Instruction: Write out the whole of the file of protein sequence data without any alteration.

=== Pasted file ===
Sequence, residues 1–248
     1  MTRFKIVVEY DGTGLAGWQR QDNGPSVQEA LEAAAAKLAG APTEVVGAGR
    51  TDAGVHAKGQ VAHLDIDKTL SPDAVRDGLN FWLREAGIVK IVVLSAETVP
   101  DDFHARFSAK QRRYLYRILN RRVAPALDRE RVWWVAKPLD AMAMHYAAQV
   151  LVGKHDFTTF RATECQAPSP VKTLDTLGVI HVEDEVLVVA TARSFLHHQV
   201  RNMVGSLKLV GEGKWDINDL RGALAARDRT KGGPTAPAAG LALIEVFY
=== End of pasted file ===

Sequence, residues 1–248
     1  MTRFKIVVEY DGTGLAGWQR QDNGPSVQEA LEAAAAKLAG APTEVVGAGR
    51  TDAGVHAKGQ VAHLDIDKTL SPDAVRDGLN FWLREAGIVK IVVLSAETVP
   101  DDFHARFSAK QRRYLYRILN RRVAPALDRE RVWWVAKPLD AMAMHYAAQV
   151  LVGKHDFTTF RATECQAPSP VKTLDTLGVI HVEDEVLVVA TARSFLHHQV
   201  RNMVGSLKLV GEGKWDINDL RGALAARDRT KGGPTAPAAG LALIEVFY